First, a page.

It could change tomorrow, but at this moment nothing is getting done in this town. There are talks going on and ideas being evaluated. President Biden met with the Group of Seven in Europe and the NATO nations agreed to join together and challenge China’s behavior on trade, intellectual property, forced labor, and aggressive expansion. I’m not sure China will listen. Will they negotiate to lift all of the tariffs? China is the biggest customer for our ag products. If we alienate China enough, we might lose that market.
Another trade question that needs to be dealt with is TPA (Trade Promotion Authority). The U.S. was part of that agreement until President Trump withdrew. I always considered that a mistake. That agreement joined us with the Trans-Pacific Partnership to better compete with China. The agreement eliminated tariffs on 18,000 American made products. Now China wants to join TPA. We need to get back aboard.
U.S. Trade Representative, Katherine Tai met with German trade leaders to get rid of tariffs imposed by both countries in our dispute over Boeing versus Airbus, which has been going on for years. Reports are that they have reached an agreement. Also, we have the heavy metal steel and aluminum tariffs that Trump put on Germany.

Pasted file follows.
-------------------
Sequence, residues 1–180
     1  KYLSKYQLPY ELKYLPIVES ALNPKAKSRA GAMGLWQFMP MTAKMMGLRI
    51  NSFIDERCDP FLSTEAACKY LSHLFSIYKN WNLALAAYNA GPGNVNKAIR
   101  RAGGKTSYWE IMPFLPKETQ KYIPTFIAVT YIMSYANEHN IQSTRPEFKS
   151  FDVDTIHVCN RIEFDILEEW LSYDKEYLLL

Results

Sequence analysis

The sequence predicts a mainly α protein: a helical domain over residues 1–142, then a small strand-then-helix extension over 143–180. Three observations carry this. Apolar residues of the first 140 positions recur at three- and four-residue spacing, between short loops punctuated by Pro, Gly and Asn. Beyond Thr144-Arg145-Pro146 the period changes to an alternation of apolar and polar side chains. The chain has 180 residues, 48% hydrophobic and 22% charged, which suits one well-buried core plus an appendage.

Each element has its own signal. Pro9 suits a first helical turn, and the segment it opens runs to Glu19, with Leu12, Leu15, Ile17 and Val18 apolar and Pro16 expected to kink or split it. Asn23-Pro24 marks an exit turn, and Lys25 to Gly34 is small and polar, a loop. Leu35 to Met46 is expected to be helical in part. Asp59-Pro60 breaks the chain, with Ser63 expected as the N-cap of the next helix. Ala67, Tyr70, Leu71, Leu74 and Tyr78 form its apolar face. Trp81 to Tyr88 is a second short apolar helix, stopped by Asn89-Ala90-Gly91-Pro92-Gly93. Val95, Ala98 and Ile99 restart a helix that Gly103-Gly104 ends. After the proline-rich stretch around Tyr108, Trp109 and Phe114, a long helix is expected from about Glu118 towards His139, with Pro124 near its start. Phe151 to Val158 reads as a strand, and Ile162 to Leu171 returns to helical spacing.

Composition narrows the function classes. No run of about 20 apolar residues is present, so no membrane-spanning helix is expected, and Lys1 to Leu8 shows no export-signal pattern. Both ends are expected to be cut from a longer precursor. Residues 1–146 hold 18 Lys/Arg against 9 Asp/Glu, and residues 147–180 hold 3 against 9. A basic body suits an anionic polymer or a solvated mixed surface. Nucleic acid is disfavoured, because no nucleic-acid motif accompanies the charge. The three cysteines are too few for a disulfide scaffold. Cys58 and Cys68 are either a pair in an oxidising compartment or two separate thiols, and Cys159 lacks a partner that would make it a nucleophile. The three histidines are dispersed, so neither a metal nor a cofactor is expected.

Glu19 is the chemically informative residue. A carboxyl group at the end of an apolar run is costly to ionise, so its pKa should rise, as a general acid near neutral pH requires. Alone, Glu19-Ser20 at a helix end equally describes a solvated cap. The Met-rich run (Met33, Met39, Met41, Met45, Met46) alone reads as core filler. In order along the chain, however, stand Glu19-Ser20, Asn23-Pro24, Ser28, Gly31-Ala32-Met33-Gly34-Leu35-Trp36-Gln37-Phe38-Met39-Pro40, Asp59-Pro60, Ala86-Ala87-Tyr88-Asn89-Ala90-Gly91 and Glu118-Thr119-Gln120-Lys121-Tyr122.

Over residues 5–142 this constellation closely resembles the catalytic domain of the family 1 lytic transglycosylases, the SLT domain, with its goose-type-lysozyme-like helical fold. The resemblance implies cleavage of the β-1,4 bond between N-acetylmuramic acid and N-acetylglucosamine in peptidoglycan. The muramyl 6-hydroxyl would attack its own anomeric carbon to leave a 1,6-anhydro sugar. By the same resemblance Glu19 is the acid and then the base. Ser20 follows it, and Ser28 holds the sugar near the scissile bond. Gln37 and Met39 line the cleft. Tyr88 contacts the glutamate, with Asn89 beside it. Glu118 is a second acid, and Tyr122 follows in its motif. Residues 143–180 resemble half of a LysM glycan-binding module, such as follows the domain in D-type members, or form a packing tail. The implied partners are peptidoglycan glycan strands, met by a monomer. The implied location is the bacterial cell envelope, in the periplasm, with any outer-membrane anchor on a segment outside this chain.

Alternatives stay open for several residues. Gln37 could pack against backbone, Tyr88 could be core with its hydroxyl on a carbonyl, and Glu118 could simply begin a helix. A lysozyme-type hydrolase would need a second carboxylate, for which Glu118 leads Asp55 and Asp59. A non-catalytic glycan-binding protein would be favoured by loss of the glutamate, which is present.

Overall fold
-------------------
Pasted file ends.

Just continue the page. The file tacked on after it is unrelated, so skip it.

Katherine Tai is highly respected, but she has a load on her shoulders. I almost forgot we are supposed to negotiate a free trade agreement with the UK also.
On the home front, the ag industry wants our government to deal with the concentration of our meatpacking industry. Cattle producers are not satisfied. The steak in the store costs a lot more, but what about the price of the market animal? USDA will be working to put in place stricter antitrust regulations. The Farm Bureau is worried that the EPA will give small refineries an exemption relieving them of their obligation to blend in ethanol. That will hurt the corn market.
As you can see, there are a lot of problems to be dealt with, but will we get anything done? Don’t bet the farm on it. Randy Russell will fill in for me next week.
John Block served as Secretary of the U.S. Department of Agriculture from 1981-1985, where he played a key role in the development of the 1985 Farm Bill. John hosts a weekly radio show going back more than 20 years. The commentary and opinions shared are a summary of the discussion from the broadcast and not a reflection of the opinions of the firm at large. For more from John Block Reports from Washington visit www.johnblockreports.com.